Dairy farmers flood fields with milk to protest of low prices

Angry dairy farmers poured more than 100,000 litres of milk on streets and fields across Germany on Thursday to protest market prices they say are too low.

Dairy farmers flood fields with milk to protest of low prices
Photo: DPA

“With this action we want to call attention to our enormous grievances caused by perverse policies,” Engelbert Vogerl, head of the eastern Allgäu regional chapter of the German Federal Dairy Farmers Association (BDM).

A group of BDM members near the Bavarian town of Irpisdorf brought tractors and transporters full of milk to spray on fields.

Meanwhile, 100 others met at a market square in the Rhineland-Palatinate town of Erbendorf to pour their milk down the gutters.

In the Lower Saxon city of Visselhövede, farmers said they spilled 70,000 litres of milk on a field.

Among them was farmer Ottmar Böhling from Rotenburg, who told journalists his group wanted to show solidarity with dairy farmers suffering across Europe.

Head of the National Union of Farmers (DBV), Gerd Sonnleitner, was also critical of European Union plans to help struggling dairy farmers. EU Agriculture Commissioner Mariann Fischer Boel has said the EU could give the farmers a one-off payment of between €7,500 and €15,000 to cover their losses and asked individual countries to buy up excess milk on the market to artificially increase prices.

Sonnleitner called the plans “highly dangerous.”

“The commission is moving far too slowly, far too vaguely,” he said.

Germany’s 90,000 dairy farmers have been fighting for more than a year – staging delivery boycotts, strikes and large demonstrations – to gain attention to their plight.

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Let them eat bread: the origins of the French baguette

More than six billion baguettes are baked each year in France and UNESCO has now inscribed the tradition in its “intangible cultural heritage” list.

Let them eat bread: the origins of the French baguette

The French baguette – one of the country’s most abiding images – was given world heritage status by UNESCO on Wednesday, the organisation announced.

READ ALSO French baguette gets UNESCO world heritage status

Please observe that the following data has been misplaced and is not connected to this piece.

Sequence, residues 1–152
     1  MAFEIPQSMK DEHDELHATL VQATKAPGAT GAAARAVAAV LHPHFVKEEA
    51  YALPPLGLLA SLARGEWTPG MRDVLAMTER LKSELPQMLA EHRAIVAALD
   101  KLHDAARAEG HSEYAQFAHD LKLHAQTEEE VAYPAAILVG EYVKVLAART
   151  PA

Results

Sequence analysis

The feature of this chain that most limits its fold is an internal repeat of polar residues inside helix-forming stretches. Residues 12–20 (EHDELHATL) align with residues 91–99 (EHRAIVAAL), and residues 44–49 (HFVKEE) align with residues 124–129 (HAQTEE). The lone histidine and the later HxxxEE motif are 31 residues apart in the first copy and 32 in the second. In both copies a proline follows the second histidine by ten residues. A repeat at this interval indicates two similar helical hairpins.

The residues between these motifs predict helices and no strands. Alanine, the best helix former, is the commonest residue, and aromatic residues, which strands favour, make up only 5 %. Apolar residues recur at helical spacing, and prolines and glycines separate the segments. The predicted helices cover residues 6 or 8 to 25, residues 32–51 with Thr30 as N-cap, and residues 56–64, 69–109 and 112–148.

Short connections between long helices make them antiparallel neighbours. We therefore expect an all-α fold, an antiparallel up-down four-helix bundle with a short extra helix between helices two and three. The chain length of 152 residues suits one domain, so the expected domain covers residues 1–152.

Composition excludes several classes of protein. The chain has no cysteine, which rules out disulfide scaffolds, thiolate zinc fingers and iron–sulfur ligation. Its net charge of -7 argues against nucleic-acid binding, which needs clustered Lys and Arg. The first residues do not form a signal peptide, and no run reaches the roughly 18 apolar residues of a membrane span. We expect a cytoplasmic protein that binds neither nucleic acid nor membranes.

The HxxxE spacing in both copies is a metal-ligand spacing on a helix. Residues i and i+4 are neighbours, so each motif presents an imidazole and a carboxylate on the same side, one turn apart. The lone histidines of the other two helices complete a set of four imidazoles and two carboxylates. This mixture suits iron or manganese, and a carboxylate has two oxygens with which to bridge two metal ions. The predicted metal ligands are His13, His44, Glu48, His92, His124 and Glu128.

Here are some of the more popular theories:

Napoleon’s Bread of War
The oldest tale has the baguette being kneaded by bakers in Napoleon’s army. Less bulky than a traditional loaf, the long slim shape of the baguette made it faster to bake in brick ovens hastily erected on the battlefield.

France’s most famous man of war was preoccupied with getting his men their daily bread.

During his Russian campaign in 1812, he toured the ovens daily to sample the day’s offering and ensure the crusty batons were being distributed regularly, according to historian Philippe de Segur.

He also had portable bread mills sent to occupied Moscow, but the setbacks suffered by the Grande Armee in one of the deadliest military campaigns in history ended his bid to export the doughy staple.

Viennese connection
Another theory has the baguette starting out in a Viennese bakery in central Paris in the late 1830s.

Artillery officer and entrepreneur August Zang brought Austria’s culinary savoir-faire to Paris in the form of the oval-shaped bread that were standard in his country at the time.

According to the Compagnonnage des boulangers et des patissiers, the French bakers’ network, Zang decided to make the loaves longer to make them easier for the city’s breadwomen to pluck from the big carts they pushed through the city’s streets.

Breaking bread
Another theory has the baguette being born at the same time as the metro for the 1900 Paris Exposition.

People from across France came to work on the underground and fights would often break out on site between labourers armed with knives, which they used to slice big round loaves of bread for lunch.

According to the history site, to avoid bloodshed, one engineer had the idea of ordering longer loaves that could be broken by hand.

Early rising
In 1919, a new law aimed to improve the lives of bakers by banning them from working from 10 pm to 4 am.

The reform gave them less time to prepare the traditional sourdough loaf for the morning, marked the widespread transition to what was called at the
time the yeast-based “flute”, which rose faster and was out of the oven in under half an hour.

Standardised at 80 centimeters (30 inches) and 250 grams (eight ounces) with a fixed price until 1986, the baguette was initially the mainstay of wealthy metropolitans, but after World War II became the emblem of all French people.